Blame Hong Kong lawmakers, not Carrie Lam, for elderly welfare cuts
- Our highly paid legislators are expected to carefully read government documents. If they fail to do so, they should be held accountable
I write to express my extreme discontent with the Legislative Council’s reaction to the government policy changes related to the age limit for receiving elderly Comprehensive Social Security Assistance (CSSA). If you ask me, the dysfunctional Legco is to be blamed, not the chief executive.
The job of Legco members – and the reason why each of them is paid over HK$98,000 a month – is to represent their electorate on certain policies. The government can’t pass any bills or legislation without Legco approval and the chief executive didn’t just pull out her version of CSSA one day and announce that it was binding. She was completely in the right, albeit too “straightforward”, when she said that it was Legco that approved the policy change to raise the age limit from 60 to 65. The council’s response to that statement is what I found irksome in the extreme.
The change to the CSSA eligibility cut-off shouldn’t be news to Legco, as it was mentioned in a report circulated before last year’s budget. So, may I ask, if any of the lawmakers have that big of a problem with this change, why are they raising their concerns now, when the change is about to be implemented?
This suggests that none of them cared enough to read that report despite being paid to do so. What’s more ludicrous is some of them had the audacity to say the chief executive purposely buried that part of the report. All students in Hong Kong read a similar amount of data for their Liberal Studies’ independent inquiry study report, and they aren’t even paid for it.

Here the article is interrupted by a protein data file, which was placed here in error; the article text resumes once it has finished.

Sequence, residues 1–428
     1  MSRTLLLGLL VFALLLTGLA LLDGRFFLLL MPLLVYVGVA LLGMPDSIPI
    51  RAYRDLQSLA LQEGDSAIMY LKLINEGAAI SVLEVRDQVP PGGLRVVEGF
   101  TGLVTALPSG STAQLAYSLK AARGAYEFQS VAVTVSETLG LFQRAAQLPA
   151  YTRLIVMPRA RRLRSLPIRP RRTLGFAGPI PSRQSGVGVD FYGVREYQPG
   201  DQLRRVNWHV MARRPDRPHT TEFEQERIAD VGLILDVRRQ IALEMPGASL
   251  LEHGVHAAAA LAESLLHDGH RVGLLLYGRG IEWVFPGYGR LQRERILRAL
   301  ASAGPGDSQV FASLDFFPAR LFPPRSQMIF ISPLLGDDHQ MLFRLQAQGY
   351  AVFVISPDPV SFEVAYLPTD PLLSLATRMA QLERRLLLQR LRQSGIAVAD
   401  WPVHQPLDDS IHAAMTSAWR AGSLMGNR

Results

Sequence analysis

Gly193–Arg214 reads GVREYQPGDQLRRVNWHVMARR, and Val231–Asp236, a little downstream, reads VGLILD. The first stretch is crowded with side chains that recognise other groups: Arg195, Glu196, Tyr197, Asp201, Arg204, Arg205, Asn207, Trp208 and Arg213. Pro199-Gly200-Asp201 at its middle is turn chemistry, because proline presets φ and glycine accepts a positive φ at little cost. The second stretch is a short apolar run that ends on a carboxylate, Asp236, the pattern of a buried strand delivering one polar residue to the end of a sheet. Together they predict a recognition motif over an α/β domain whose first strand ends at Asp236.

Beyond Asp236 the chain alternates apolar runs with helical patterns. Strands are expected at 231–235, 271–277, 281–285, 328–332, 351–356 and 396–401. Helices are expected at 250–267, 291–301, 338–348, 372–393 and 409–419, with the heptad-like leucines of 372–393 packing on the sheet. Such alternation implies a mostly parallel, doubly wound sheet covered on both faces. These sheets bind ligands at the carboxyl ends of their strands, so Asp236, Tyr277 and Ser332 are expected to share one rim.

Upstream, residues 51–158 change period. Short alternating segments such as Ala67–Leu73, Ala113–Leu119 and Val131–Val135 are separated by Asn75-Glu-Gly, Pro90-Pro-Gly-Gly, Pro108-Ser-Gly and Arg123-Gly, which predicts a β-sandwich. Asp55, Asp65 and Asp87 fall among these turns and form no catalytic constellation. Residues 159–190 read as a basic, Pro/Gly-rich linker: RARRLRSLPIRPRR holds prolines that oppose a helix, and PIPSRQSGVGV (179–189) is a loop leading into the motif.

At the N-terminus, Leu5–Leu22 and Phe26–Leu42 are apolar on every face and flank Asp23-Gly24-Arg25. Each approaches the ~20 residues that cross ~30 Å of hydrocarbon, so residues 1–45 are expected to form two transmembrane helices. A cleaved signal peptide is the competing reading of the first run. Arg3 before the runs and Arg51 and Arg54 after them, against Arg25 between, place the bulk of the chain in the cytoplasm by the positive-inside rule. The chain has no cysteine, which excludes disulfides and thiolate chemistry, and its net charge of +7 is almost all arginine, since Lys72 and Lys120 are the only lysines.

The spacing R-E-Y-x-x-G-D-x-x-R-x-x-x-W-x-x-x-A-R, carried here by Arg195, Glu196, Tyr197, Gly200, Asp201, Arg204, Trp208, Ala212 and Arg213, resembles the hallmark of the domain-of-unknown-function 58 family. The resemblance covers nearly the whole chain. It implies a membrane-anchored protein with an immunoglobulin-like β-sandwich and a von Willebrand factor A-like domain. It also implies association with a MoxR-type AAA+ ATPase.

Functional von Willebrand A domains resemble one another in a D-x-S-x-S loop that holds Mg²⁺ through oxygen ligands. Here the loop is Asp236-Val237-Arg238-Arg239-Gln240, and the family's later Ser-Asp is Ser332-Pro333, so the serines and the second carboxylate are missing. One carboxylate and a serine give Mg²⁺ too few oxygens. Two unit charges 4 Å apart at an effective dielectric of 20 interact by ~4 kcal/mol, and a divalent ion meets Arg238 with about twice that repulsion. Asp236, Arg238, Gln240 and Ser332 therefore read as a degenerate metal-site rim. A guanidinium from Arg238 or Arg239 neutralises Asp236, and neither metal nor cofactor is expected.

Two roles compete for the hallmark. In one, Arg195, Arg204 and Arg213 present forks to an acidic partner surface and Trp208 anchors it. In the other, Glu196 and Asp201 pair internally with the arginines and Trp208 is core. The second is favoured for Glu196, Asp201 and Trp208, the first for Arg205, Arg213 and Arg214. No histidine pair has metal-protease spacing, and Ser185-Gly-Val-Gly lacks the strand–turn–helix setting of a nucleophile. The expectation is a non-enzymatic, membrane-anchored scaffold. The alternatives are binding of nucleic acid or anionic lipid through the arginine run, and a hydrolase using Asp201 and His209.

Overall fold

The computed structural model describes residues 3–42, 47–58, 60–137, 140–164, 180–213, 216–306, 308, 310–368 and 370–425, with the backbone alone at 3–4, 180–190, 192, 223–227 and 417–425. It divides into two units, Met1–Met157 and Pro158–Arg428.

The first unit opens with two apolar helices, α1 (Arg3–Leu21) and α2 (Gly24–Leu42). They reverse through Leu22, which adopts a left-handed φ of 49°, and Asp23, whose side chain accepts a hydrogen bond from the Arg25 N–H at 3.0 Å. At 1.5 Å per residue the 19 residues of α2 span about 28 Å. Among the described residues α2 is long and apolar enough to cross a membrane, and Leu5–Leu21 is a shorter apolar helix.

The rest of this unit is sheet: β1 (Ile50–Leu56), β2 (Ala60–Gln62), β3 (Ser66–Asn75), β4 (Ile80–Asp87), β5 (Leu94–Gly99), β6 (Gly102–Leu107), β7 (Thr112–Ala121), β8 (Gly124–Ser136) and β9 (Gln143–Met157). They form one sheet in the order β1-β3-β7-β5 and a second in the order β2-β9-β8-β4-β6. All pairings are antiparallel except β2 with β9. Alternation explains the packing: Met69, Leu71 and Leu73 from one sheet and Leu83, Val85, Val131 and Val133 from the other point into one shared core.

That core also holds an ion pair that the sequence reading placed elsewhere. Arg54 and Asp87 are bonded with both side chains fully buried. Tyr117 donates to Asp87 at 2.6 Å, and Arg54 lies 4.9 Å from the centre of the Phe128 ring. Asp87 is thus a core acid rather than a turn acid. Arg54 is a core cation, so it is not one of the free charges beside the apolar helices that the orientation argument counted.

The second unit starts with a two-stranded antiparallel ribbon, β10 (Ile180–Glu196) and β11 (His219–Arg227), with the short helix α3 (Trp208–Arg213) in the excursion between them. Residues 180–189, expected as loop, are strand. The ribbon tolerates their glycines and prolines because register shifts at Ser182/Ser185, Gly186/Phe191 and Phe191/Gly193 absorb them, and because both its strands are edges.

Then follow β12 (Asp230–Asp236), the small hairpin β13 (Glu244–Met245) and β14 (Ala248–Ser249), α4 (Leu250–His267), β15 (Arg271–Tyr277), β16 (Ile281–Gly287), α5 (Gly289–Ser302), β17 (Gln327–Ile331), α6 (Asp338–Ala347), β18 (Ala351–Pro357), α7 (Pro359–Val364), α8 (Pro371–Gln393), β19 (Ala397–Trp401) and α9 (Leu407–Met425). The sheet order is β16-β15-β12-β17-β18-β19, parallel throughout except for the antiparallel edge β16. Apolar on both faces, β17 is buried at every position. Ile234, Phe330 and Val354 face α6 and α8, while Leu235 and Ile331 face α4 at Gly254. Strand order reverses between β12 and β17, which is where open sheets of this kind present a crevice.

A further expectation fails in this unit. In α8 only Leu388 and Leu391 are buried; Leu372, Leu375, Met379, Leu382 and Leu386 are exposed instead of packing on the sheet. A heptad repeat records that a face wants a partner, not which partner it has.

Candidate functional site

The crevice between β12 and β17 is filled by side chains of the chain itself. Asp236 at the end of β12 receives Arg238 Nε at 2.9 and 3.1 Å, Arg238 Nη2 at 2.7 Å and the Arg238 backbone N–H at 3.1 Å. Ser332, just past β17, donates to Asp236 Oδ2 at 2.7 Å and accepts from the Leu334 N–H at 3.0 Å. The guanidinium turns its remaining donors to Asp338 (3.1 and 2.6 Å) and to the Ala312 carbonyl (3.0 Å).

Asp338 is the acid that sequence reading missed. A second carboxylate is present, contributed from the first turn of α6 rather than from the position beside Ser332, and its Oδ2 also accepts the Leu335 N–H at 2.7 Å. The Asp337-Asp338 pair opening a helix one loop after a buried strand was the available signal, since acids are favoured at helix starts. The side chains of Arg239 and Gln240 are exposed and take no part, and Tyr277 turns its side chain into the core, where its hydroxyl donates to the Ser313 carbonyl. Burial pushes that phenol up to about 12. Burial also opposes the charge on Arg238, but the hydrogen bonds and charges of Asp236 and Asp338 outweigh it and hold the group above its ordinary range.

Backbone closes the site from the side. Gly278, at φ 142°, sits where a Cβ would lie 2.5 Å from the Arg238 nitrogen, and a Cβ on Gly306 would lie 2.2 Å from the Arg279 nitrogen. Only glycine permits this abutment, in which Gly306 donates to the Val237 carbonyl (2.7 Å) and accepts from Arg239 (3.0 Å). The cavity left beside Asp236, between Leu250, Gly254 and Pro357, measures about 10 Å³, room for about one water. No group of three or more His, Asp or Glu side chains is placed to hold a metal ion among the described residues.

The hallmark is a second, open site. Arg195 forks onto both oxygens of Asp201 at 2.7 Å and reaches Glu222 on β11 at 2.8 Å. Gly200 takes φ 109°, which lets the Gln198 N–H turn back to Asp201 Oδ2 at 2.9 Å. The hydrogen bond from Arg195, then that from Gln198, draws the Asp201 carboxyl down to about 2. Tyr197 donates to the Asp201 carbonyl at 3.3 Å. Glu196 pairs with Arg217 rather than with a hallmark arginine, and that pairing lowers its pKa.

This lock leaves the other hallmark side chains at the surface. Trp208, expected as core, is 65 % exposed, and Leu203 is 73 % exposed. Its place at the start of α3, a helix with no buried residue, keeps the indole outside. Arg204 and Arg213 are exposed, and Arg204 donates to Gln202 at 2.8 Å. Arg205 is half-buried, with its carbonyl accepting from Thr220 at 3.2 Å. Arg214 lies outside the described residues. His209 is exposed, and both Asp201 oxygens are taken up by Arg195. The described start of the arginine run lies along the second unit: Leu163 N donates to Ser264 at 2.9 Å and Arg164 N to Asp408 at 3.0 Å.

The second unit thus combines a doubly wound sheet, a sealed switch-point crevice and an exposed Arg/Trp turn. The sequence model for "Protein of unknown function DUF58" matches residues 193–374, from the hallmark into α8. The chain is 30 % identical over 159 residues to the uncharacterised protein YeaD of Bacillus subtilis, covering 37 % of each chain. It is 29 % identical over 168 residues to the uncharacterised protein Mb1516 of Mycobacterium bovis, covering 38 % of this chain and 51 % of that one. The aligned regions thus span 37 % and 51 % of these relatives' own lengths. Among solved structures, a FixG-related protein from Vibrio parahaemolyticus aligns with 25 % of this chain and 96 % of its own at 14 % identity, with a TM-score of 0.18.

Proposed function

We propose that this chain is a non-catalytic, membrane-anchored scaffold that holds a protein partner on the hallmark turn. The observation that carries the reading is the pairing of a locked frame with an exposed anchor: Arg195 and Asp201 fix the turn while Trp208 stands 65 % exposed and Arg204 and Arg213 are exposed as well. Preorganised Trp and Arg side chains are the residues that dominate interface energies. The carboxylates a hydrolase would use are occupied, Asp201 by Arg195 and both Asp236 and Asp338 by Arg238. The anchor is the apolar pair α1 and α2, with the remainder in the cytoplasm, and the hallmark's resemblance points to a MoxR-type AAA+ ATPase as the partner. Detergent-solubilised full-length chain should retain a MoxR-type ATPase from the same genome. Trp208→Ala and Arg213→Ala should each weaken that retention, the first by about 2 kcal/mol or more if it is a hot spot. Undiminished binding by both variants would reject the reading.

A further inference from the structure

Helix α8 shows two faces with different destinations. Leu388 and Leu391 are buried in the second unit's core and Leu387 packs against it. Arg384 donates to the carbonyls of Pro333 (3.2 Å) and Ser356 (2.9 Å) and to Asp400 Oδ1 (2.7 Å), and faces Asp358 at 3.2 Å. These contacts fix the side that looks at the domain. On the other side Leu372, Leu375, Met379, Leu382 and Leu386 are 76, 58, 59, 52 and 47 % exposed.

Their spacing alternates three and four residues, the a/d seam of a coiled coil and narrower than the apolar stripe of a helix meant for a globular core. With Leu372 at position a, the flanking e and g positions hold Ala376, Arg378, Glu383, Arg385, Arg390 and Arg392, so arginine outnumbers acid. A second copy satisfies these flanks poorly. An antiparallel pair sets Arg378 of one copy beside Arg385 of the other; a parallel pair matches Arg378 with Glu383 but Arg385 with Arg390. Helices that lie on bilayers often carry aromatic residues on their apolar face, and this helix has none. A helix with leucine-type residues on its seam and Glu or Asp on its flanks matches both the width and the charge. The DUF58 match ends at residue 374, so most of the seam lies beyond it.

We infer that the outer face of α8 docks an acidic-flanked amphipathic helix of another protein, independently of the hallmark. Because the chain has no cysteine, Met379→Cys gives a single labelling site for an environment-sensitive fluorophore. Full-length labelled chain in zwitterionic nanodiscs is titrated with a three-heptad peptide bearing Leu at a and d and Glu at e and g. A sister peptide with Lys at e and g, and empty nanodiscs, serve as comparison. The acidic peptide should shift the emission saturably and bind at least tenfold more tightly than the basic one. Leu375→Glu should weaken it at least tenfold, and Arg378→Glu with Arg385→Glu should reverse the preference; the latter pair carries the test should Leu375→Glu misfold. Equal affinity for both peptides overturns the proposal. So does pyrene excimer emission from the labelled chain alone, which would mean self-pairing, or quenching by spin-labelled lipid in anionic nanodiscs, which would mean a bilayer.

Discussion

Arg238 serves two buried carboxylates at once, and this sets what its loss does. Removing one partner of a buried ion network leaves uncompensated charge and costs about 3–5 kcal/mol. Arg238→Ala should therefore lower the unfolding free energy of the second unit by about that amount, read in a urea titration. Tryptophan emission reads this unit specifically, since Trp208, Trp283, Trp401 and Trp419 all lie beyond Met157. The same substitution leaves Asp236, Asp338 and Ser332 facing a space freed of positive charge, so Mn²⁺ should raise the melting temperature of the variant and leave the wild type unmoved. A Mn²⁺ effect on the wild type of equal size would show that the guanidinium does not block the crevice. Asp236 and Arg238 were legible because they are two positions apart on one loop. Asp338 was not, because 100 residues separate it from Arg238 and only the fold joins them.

The fact that Legco and some media are trying to delude the public into pointing a finger at the government is downright deplorable. Yes, this change is biased against the 60- to 64-year-old demographic, but shouldn’t our lawmakers have been the ones to stop this change much earlier? For the sake of all of Hong Kong taxpayers who pay lawmakers’ bills, they must do their jobs. Or is that too much to ask?
I didn’t vote and pay taxes to fund people who only function as rubber stampers. If your electorate relies on a scheme and you voted against it, you are failing at your job. Are we going to see any resignation letters soon?
I vote because I have faith in Hong Kong’s democracy. I vote because I want my opinions to be heard. Lawmakers who claim to have never heard about the change and are now making loud noises about it should be held accountable.
Andy Lau, Tsuen Wan